Senator Squadron Testimony About the NYCHA Draft Annual Plan, June 23, 2009

 

TESTIMONY OF STATE SENATOR DANIEL SQUADRON REGARDING THE DRAFT ANNUAL PLAN FOR THE NEW YORK CITY HOUSING AUTHORITY, JUNE 23, 2009.

My name is Daniel Squadron and I represent the 25th Senate District in the New York State Senate.  My district includes the Brooklyn neighborhoods of Greenpoint, Williamsburg, Vinegar Hill, Fulton Ferry, Brooklyn Heights, Cobble Hill, Carroll Gardens and Gowanus, and the Manhattan neighborhoods of Tribeca, Battery Park City, the Lower East Side, Chinatown, the Financial District, Little Italy, SoHo and the East Village.

Among the New Yorkers I represent are the residents of 24 New York City Housing Authority Developments.  The Manhattan part of my district includes the Bernard Baruch Houses, Marianna Bracetti Houses, Pedro Albizu Campos, East 4th Street Rehab, First Houses, Samuel Gompers Houses, Rafael Hernandez Houses, Fiorello H. LaGuardia Houses, Lower East Side I, II, and III, Lower East Side Rehab, Max Meltzer Tower, Jacob Riis Houses, Henry Rutgers Houses, Seward Park Extension, Alfred E. Smith Houses, Two Bridges, Vladeck Houses, Lillian Wald Houses, and 45 Allen Street.  In Brooklyn, I represent three developments: the Taylor Street-Wythe Avenue Houses, Williams Plaza, and Independence Towers.

NYCHA provides affordable housing for more than 400,000 New Yorkers.  Its residents represent almost 5% of the population of New York City; in my district, the proportion is much greater.  Its community centers provide services to seniors, children, adolescents, survivors of domestic violence and other populations in our city for whom services are vital.

NYCHA’s mission is not merely to provide housing for those hundreds of thousands of New Yorkers, but to provide decent, affordable housing in a safe and secure environment.  With such an ambitious mission comes great responsibility—a responsibility that we all must do a better job of meeting.

Too often, NYCHA seems insufficiently responsive to the concerns of residents; my constituents routinely tell me that they have to jump through hoops to get attention for basic repairs and maintenance.  I know from personal experience that hallways and lobbies can be left uncleaned, sidewalks cracked and unrepaired, and the elevators simply dangerous—elevator malfunctions can lead to tragedy, including the death of Jacob Neumann, a five-year-old child who lived in the Taylor Street-Wythe Avenue Houses.  The elevators’ poor working condition means that many residents are rightfully anxious every time they leave or return to their homes.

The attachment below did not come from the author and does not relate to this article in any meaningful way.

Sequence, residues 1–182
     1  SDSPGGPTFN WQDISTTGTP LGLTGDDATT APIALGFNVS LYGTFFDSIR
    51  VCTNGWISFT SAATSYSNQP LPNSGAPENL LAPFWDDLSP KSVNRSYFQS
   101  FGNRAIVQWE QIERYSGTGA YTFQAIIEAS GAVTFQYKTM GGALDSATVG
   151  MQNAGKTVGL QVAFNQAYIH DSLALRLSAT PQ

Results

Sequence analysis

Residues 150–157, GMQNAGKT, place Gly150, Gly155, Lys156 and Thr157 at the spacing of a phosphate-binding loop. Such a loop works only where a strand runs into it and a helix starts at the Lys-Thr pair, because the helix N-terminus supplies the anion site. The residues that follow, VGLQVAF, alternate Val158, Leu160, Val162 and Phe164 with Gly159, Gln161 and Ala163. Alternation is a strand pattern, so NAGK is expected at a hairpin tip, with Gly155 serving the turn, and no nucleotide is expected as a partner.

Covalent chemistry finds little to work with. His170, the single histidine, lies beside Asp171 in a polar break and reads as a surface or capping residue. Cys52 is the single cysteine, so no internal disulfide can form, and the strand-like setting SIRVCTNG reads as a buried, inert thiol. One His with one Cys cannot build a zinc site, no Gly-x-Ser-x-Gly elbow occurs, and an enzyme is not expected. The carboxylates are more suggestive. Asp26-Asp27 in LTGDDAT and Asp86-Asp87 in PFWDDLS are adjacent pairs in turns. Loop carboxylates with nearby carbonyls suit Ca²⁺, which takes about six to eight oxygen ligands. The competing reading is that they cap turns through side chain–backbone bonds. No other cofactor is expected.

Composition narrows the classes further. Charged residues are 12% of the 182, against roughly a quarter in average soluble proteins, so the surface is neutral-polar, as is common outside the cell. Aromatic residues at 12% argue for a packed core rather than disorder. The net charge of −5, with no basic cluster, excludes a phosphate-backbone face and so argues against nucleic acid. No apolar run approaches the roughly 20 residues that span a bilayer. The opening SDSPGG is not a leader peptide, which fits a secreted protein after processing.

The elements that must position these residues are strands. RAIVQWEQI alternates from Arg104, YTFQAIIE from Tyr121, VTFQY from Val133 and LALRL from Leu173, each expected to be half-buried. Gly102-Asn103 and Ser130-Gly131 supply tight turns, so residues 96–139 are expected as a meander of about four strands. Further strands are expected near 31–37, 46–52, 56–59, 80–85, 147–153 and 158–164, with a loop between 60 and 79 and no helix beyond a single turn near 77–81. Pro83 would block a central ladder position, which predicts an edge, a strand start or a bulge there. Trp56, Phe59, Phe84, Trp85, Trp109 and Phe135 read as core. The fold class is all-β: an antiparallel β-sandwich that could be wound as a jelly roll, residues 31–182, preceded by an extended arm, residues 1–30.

I also have significant concerns about the process by which NYCHA promulgates new rules, some of which have a dramatic impact on the lives of residents. New rules about pets and about admissions eligibility were not subject to draft annual plan review, giving residents insufficient notice and no real opportunity for input.  In the case of admissions criteria, residents and applicants were informed of new rules long after the rules went into effect, sending hundreds if not thousands of applicants down a dead-end path as they obeyed outdated eligibility criteria. Whether I agree with a certain rule or not, NYCHA must communicate better and must follow established procedures for considering important rule changes.

But the blame for NYCHA’s flaws cannot be laid at the feet of the Authority alone; for years, NYCHA has been systematically underfunded by the State and City of New York.  NYCHA operates 15 state-built developments that the State should contribute $64 million each year to maintain, and it operates 6 more city-built developments that the City should pay $30 million annually to maintain.  Additionally, NYCHA pays more than $70 million extra each year for police and sanitation coverage, services that NYCHA residents are already helping fund through their taxes.

Together, State and City underfunding costs NYCHA more than $160 million a year, money that could be used to repair elevators, maintain buildings and provide a decent, safe and secure environment for hundreds of thousands of NYCHA residents.

For that reason, I am joining with Assembly Member Brian Kavanagh, NYCHA residents, tenant advocates and our colleagues in City and State government to launch the SOUND (“Save Our Underfunded NYCHA Developments”) Housing Campaign.  Our campaign will call on the City and State to:

1) Fully fund $64 million for state-built developments
2) Fully fund $30 million for city-built developments
3) Stop requiring NYCHA to pay more than $70 million for police and sanitation services
4) Invest $100 million of federal stimulus funds available to New York in weatherization of NYCHA developments

NYCHA must do a better job maintaining its facilities and responding to the concerns of its residents, and the State and City must step up to provide the resources needed to get the job done.
 
Working in partnership, we can truly allow NYCHA to fulfill its mission to provide safe, decent and affordable housing for hundreds of thousands of New Yorkers.